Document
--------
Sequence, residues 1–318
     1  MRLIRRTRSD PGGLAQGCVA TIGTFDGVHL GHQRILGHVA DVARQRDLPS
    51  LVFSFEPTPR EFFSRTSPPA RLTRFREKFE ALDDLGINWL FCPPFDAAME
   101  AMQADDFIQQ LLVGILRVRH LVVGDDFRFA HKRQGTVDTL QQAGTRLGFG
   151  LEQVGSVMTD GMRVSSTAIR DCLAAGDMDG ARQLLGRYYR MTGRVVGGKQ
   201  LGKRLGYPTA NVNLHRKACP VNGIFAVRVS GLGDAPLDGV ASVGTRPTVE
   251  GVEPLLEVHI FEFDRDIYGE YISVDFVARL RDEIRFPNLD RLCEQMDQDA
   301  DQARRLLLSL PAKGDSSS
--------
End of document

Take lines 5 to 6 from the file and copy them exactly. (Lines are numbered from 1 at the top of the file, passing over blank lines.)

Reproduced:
   151  LEQVGSVMTD GMRVSSTAIR DCLAAGDMDG ARQLLGRYYR MTGRVVGGKQ
   201  LGKRLGYPTA NVNLHRKACP VNGIFAVRVS GLGDAPLDGV ASVGTRPTVE